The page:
In less than 24 hours he was able to join the Federated Cloud's virtual organization, choose a virtual image, and get it instantiated on the Federated Cloud. "I was able to get exactly what I wanted running in the Federated Cloud," says Whyntie.
Read more about the launch of the EGI Federated Cloud on the GridCast blog, here.
For the first time, the Community Forum featured a range of 'lightning talks', which showcased some of the research enabled through EGI's computational resources. These highlighted the increasingly diverse nature of the research communities supported by EGI: One talk focused on solving the Newtonian three-body problem, while others focused on air-quality forecasting and modeling the distribution of butterfly species.
Analyzing data from above and below the Earth's surface
The event, however, wasn't just centered on research enabled directly by EGI, or even grid computing: a wide-range of e-infrastructures and computing-related fields were discussed. Martin Ditter, head of the Earth Observation Ground Segment Management Office at the European Space Agency (ESA), spoke at the event about the need to make the most of the ever-increasing amounts of data generated by Earth-observation satellites. Ditter suggested that policies promoting free and open data mean that a new paradigm - providing 'information as a service' and built around a federation of partners such as Helix Nebula - is now emerging. This, he says, could support the emergence of a new ecosystem for scientific innovation and new business alike. "Space has brought a lot of benefits to our society through utilities," explains Ditter. "But I am convinced that the European Earth-observation community realizes that the benefits of the data need to be reaped by many more actors than is the case today."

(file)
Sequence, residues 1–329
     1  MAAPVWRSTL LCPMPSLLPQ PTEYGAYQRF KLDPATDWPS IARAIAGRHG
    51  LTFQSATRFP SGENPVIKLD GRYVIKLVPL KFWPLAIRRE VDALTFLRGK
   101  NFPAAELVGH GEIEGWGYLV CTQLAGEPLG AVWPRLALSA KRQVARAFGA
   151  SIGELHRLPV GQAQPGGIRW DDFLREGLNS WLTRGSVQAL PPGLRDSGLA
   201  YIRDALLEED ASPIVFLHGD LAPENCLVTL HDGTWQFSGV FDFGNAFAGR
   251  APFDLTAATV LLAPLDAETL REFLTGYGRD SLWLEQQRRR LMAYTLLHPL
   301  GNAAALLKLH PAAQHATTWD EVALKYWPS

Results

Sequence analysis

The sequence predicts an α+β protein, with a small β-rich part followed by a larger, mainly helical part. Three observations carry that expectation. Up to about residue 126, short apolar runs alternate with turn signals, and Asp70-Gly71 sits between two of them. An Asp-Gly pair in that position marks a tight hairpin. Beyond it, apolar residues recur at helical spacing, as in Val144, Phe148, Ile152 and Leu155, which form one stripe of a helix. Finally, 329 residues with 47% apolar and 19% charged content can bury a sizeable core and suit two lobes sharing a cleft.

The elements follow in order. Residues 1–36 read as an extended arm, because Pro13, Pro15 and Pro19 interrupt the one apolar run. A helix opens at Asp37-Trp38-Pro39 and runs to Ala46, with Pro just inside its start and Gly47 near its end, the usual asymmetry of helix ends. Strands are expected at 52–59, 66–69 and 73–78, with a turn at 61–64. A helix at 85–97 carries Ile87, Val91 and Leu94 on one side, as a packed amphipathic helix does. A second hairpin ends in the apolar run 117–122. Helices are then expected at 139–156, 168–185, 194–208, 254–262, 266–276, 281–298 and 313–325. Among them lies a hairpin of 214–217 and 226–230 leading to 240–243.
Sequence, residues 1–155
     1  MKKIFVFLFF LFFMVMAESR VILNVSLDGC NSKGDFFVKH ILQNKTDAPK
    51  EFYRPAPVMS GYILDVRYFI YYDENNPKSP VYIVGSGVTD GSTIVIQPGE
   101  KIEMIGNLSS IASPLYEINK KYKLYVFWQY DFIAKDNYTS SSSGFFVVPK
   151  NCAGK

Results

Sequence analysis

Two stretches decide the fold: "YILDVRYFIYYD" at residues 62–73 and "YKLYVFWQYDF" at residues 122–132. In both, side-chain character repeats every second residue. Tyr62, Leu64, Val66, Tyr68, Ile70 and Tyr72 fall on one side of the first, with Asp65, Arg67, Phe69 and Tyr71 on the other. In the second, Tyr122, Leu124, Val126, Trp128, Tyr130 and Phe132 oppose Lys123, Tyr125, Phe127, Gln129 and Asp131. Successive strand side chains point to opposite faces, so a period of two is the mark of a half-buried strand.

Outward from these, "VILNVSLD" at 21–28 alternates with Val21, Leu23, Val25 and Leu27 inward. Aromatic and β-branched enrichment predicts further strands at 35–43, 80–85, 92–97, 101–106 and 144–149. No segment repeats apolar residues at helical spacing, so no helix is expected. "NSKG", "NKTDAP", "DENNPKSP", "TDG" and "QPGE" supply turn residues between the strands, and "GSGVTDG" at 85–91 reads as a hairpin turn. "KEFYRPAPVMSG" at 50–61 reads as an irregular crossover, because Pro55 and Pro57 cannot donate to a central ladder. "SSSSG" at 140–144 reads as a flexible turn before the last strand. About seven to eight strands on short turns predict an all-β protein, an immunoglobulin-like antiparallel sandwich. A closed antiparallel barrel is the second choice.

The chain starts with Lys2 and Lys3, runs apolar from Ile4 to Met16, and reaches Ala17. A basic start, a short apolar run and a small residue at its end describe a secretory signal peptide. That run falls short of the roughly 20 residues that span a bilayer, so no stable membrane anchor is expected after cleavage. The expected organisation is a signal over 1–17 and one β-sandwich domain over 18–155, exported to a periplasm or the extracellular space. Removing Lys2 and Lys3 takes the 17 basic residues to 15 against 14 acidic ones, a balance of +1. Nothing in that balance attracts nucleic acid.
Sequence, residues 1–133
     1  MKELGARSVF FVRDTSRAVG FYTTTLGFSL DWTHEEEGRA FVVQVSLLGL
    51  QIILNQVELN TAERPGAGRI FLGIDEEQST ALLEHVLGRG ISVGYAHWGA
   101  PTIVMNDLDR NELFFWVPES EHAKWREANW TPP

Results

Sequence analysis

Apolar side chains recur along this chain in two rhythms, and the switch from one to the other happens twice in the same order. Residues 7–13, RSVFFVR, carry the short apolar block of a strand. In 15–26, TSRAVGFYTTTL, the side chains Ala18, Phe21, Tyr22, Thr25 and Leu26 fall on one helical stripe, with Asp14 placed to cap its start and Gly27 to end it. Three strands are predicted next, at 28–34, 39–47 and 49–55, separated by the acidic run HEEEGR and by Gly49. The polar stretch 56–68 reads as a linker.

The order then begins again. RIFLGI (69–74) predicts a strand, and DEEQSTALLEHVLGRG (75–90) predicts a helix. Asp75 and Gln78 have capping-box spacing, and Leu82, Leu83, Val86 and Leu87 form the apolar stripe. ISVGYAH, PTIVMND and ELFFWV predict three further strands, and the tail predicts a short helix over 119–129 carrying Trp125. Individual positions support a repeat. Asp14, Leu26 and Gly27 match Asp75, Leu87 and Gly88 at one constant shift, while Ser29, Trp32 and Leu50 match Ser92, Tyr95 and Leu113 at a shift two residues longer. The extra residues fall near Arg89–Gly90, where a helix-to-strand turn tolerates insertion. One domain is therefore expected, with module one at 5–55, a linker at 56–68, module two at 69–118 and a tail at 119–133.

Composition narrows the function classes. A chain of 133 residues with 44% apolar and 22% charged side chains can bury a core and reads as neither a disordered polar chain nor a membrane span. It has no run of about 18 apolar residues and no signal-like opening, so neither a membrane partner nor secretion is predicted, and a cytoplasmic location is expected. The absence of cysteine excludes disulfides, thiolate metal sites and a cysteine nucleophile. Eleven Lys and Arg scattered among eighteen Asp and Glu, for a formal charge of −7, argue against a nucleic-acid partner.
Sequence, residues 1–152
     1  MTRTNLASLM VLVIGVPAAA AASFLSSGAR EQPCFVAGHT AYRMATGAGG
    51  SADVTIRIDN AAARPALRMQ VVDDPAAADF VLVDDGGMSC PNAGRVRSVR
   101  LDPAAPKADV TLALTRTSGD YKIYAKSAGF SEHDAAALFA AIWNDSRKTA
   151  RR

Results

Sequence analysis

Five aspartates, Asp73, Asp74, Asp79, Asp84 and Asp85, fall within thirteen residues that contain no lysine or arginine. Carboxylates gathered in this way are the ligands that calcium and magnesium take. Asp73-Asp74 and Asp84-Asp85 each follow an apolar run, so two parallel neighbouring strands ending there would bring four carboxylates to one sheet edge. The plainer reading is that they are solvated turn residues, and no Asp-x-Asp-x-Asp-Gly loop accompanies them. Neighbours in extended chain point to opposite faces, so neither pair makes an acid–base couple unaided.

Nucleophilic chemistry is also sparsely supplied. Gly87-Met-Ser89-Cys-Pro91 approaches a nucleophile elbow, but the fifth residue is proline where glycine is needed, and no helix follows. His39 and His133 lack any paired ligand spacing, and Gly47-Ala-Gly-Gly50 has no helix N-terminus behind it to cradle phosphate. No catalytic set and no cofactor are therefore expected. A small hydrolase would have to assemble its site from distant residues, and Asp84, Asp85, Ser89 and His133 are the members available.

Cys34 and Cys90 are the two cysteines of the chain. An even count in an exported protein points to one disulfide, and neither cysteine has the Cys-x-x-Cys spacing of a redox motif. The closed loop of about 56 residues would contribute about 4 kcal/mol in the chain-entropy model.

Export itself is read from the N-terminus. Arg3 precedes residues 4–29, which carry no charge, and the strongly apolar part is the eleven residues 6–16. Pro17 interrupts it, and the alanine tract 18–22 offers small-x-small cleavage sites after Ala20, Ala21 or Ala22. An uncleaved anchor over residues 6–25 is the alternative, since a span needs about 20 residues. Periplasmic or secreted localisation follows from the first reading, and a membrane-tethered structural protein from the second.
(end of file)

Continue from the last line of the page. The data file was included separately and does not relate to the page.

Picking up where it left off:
Ian Fisk of Fermi National Accelerator Laboratory (Fermilab), near Chicago, Illinois, US, also gave a keynote speech at the event. This focused on the evolution of the computing models used to analyze the data coming from the experiments on the Large Hadron Collider (LHC) at CERN, near Geneva, Switzerland. Fisk highlighted the success of the Worldwide LHC Computing Grid and explained how this is developing to allow more flexibility in its strict tier-based model. "We are reducing how strictly we define the functionality in each tier," he says. "Lines and capabilities are blurring together."